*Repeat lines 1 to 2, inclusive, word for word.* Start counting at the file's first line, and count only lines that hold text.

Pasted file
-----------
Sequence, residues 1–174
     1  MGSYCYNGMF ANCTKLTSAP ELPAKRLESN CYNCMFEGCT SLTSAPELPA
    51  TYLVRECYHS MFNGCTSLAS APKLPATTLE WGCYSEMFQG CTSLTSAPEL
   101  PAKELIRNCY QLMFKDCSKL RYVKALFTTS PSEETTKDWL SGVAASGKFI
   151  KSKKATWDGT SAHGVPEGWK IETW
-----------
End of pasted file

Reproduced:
Sequence, residues 1–174
     1  MGSYCYNGMF ANCTKLTSAP ELPAKRLESN CYNCMFEGCT SLTSAPELPA